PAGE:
CDC reported today that the number of victims confirmed to be infected with E. coli O26 after consuming raw clover sprouts at Jimmy John’s restaurants has risen to 14 people in 6 states.
Michigan was the latest state to be added to the outbreak map, with two confirmed cases reported in early February. The Michigan Department of Community Health reports that an additional five cases are under investigation. All seven people consumed raw sprouts at sandwich shops in mid and southeast Michigan.
The Michigan confirmed and suspected victims range in age from 19 to 50 years old. Two of the seven were hospitalized. While the Michigan public health alert makes it clear that these cases of E. coli O26 are part of the 6-state Jimmy John’s outbreak, the department is warning Michigonians to avoid the consumption of raw clover sprouts, regardless of the source or venue, until more information about the source of the contamination is available. The Michigan Department of Agriculture is investigating.
As of today’s report, outbreak illnesses are confirmed in Iowa (5), Missouri (3), Kansas (2), Michigan (2), Arkansas (1) and Wisconsin (1). Outbreak victims range from 9 to 49 years old. All of the 14 confirmed victims are female. Illness onset dates range from December 25, 2011 to February 7, 2012. The onset dates for the seven Michigan cases (2 confirmed + 5 under investigation) range from February 6th to 12th.
E. coli O26 is a Shiga-toxin producing E. coli, and causes illness similar to that caused by infections with E. coli O157:H7. The most common symptoms are acute diarrhea (often bloody), and abdominal cramps. While young children and the elderly are susceptible to developing hemolytic uremic syndrome (HUS) as a result of an infection with a shiga-toxin producing E. coli, there have not yet been any reports of HUS in this outbreak.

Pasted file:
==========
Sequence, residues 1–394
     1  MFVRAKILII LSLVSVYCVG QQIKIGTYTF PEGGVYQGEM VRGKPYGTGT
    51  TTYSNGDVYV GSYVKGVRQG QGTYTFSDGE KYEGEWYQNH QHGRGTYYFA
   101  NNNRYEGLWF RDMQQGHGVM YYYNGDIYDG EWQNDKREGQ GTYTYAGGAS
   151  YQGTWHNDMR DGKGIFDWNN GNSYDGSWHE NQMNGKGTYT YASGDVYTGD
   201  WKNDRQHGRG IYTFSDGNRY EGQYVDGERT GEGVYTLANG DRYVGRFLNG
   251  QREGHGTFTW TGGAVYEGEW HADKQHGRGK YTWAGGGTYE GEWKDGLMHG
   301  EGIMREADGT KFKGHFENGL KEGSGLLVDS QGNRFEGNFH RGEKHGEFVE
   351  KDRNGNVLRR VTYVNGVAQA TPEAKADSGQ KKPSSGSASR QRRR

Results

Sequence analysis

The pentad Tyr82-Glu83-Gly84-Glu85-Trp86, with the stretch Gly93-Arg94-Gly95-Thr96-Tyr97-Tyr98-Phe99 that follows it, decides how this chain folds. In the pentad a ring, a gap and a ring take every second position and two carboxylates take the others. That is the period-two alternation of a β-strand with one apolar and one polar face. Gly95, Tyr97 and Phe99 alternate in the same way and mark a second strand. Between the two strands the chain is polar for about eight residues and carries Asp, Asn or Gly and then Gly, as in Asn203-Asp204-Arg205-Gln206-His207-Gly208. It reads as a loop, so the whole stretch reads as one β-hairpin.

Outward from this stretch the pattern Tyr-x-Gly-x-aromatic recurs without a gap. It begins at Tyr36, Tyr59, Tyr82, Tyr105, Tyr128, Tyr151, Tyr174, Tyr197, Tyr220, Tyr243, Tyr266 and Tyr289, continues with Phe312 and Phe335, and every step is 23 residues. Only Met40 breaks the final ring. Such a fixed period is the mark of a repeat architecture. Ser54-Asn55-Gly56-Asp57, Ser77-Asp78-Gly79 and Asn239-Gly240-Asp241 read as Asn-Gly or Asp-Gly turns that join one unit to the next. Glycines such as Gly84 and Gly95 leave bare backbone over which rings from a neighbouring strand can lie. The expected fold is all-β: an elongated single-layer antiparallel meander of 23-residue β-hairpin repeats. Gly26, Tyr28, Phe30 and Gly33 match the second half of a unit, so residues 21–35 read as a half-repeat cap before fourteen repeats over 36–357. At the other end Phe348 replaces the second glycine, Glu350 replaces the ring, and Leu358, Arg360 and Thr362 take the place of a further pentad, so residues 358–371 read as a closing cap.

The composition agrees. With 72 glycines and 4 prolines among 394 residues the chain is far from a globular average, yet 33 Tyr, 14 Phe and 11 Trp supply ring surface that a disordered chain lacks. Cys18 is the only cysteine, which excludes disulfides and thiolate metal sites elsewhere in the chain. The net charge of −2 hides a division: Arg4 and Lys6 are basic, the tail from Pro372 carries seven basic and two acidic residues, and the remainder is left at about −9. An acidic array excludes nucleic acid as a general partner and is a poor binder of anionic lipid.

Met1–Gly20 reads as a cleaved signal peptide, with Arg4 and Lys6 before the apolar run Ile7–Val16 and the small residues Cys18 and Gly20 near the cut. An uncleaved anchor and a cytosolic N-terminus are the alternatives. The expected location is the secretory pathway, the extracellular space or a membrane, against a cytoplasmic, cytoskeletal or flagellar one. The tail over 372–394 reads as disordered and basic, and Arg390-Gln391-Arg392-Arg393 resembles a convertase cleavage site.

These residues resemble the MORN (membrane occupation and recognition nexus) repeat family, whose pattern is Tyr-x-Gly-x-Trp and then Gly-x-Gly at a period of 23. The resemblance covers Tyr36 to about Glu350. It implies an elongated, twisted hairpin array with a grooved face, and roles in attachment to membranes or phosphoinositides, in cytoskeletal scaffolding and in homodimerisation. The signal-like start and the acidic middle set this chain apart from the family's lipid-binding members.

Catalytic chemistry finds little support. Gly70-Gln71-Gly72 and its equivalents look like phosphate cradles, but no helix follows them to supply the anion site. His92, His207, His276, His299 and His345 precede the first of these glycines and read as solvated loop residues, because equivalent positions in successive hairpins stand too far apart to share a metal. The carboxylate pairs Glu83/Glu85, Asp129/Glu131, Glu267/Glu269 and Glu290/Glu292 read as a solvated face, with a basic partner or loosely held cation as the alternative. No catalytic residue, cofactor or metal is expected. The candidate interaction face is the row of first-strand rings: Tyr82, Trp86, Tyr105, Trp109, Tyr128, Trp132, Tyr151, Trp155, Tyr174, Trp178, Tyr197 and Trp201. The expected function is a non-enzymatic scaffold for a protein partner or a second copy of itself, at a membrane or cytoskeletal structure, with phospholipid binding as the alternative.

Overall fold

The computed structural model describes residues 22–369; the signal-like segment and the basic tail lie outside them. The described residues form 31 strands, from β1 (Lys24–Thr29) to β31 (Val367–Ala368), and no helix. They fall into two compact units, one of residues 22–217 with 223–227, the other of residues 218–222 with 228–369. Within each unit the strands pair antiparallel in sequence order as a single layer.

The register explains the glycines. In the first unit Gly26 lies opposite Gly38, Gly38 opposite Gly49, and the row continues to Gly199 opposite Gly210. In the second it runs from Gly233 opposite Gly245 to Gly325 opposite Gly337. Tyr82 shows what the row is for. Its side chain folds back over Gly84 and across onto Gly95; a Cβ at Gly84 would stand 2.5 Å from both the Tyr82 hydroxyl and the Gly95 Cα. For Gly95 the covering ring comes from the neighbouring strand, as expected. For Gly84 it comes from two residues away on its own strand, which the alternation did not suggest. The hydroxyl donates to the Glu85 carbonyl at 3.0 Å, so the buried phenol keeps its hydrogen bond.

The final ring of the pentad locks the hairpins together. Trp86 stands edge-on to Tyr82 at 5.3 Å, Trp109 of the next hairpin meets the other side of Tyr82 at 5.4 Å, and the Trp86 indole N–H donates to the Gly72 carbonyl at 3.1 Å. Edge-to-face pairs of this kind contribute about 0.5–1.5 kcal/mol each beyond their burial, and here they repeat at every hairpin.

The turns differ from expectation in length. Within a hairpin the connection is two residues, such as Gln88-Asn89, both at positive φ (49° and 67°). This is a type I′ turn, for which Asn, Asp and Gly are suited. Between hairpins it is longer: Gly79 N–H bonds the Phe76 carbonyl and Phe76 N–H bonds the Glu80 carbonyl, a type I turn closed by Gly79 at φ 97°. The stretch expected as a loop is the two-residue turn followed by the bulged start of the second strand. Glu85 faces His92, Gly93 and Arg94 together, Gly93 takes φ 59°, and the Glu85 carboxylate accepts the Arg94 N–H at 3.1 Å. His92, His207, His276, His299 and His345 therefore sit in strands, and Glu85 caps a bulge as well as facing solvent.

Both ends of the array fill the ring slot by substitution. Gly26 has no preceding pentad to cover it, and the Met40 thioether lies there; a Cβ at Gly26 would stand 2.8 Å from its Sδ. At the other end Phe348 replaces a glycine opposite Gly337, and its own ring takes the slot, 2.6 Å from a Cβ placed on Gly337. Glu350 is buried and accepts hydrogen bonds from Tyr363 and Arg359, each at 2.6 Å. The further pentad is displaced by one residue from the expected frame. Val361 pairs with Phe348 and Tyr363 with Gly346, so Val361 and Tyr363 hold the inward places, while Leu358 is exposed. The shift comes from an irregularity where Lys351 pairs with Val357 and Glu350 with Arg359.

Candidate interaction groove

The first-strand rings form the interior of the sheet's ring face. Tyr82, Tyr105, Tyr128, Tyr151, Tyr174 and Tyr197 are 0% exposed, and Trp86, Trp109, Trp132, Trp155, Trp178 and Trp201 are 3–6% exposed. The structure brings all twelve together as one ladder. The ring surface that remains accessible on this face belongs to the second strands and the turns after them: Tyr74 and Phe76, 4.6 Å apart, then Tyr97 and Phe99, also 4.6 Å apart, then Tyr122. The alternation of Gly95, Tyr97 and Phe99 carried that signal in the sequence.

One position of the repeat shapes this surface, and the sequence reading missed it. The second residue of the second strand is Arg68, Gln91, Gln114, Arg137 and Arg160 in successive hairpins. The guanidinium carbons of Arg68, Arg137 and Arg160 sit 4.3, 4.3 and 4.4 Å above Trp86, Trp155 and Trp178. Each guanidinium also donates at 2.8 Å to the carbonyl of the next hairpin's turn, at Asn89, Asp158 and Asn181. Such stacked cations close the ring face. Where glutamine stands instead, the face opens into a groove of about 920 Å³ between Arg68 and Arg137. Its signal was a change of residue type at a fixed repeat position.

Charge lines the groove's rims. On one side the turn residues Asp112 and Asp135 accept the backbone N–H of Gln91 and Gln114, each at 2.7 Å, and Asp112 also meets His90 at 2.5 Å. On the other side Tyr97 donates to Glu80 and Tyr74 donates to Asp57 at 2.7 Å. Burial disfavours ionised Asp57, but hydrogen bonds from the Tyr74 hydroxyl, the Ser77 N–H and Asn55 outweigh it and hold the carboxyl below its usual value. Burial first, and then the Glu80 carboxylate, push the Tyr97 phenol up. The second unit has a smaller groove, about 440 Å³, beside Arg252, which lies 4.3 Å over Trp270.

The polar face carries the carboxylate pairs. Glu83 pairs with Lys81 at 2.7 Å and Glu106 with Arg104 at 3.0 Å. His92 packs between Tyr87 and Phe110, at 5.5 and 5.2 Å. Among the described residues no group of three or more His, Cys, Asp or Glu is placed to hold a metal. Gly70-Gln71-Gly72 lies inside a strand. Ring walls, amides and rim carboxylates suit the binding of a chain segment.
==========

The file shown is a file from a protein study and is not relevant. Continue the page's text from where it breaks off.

FDA has been conducting a traceback investigation, and reported the following updated information today:
- The traceback investigation involving iceberg lettuce found no common source to link that commodity to the ongoing outbreak.
- FDA has determined that the common seed lot identified (lot SCCTSX) was distributed nationwide.
- On February 10, the seed supplier of the common seed lot identified agreed to notify its customers to remove the lot in question from distribution. On February 13, the supplier informed FDA that notification of all customers was complete and that instructions had been given to return any of the seed lot in question to the supplier.
- FDA continues to monitor the removal of the seed lot in question from the supply chain.
- Sprouts have a short shelf life (2-3 weeks). It is unlikely that sprouts produced from the seed lot in question are currently in the marketplace.
Jimmy Johns announced on February 17th that it has permanently removed raw clover sprouts from its menu.